A recently released state audit revealed that many Nevadans with severe mental illness were living in “unsanitary, unsafe” homes, some of which had mold, mildew, evidence of human waste and rodent droppings.

Governor Brian Sandoval vowed “the State can and will do better to ensure they have the opportunity to live healthy and happy lives.”

So what’s being done to fix the situation?

Late last week, Amy Roukie resigned from her role as administrator of the Division of Public and Behavioral Health, according to Chrystal Main, a public information officer for the Department of Health and Human Services.

After learning of the conditions, Sandoval requested an emergency action plan, which DHHS director Richard Whitley sent Monday.

According to Whitley, all 142 homes in the state were inspected between January 18 and January 22, but inspectors determined no clients have to be removed because of immediate health and safety risks.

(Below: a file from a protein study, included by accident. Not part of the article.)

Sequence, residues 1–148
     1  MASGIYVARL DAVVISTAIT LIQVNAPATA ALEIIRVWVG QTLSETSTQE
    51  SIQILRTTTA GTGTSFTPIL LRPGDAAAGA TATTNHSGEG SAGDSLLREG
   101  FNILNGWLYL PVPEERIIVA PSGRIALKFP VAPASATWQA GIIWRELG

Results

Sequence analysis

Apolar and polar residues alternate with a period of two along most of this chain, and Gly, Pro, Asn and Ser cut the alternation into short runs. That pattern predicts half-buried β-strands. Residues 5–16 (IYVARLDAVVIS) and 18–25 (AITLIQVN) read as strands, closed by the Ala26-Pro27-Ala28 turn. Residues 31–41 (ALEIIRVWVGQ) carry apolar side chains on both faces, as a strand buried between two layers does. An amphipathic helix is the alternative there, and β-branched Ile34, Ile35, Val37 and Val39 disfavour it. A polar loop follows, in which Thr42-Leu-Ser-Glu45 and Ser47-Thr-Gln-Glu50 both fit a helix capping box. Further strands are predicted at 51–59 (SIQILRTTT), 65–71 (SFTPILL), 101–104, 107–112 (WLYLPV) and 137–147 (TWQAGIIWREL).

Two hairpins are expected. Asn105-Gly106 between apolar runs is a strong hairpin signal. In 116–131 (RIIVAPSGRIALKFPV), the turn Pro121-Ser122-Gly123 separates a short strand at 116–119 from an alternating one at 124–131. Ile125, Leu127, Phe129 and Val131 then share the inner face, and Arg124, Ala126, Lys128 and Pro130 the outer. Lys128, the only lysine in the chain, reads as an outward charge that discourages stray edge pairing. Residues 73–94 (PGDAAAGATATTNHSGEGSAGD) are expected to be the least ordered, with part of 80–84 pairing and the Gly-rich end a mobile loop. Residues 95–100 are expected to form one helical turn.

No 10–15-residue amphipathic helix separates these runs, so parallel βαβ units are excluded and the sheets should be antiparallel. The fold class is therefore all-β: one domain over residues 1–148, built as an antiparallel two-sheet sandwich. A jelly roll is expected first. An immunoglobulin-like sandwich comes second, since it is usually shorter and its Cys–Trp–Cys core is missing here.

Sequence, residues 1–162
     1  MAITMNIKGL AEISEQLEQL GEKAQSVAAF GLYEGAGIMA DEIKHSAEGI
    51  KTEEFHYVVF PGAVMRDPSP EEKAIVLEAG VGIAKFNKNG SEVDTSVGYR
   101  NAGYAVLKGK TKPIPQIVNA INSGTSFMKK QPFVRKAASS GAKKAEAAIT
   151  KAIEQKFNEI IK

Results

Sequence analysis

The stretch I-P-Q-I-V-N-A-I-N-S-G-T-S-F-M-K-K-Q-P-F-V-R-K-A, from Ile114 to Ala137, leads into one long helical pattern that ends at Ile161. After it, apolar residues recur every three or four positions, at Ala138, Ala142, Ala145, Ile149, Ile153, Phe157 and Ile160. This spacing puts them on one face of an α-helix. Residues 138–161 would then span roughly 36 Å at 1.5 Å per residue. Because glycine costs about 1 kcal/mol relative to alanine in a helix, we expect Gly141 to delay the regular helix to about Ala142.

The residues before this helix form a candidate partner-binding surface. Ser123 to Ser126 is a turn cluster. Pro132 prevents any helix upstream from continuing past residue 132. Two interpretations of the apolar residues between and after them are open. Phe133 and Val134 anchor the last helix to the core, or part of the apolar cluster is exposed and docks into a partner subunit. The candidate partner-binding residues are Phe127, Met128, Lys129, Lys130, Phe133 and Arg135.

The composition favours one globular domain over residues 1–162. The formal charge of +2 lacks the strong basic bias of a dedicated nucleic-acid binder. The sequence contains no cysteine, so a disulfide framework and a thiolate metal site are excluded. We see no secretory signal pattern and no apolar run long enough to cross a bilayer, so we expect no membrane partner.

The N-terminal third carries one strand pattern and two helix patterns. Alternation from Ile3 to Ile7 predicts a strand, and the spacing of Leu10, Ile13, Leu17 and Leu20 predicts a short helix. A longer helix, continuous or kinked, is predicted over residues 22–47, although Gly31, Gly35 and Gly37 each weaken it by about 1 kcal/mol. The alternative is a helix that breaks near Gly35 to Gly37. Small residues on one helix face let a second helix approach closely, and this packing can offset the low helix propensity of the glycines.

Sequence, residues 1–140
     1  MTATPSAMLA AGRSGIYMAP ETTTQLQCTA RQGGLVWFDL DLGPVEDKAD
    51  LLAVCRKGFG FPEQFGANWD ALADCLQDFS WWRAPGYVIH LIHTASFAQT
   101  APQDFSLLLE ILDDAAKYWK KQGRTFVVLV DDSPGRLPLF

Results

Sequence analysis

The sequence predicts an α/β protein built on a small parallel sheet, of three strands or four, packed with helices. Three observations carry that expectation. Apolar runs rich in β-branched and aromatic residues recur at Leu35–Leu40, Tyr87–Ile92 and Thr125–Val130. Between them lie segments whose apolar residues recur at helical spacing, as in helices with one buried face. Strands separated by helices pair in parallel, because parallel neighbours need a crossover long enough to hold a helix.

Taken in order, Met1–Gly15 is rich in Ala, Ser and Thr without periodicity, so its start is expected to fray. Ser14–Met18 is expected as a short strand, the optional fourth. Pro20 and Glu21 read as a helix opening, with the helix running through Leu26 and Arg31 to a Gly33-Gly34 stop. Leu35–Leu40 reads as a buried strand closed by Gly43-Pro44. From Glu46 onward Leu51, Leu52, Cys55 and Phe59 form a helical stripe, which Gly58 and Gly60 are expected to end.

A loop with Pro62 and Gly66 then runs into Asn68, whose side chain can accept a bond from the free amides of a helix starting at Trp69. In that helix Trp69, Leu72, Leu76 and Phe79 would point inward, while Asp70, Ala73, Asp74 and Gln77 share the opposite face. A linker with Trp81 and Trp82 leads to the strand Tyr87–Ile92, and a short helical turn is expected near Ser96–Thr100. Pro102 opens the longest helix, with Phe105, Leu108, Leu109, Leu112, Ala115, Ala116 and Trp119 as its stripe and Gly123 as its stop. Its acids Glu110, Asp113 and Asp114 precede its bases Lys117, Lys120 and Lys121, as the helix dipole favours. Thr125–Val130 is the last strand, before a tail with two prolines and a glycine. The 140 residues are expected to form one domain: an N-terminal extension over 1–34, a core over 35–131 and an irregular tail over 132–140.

However, many providers were put on 10-day and 30-day corrective action plans, Whitley said.

Next steps include mandatory staff training on implementation of policies and procedures, documentation on unsafe or unsanitary practices and possible sanctions for non-compliant providers.

According to the action plan, inspectors are to submit a root cause analysis by January 26.

State Sen. Ben Kieckhefer, a member of the state’s audits subcommittee, said the conditions were “totally unacceptable from a legal standpoint, a governmental standpoint and a human standpoint.”

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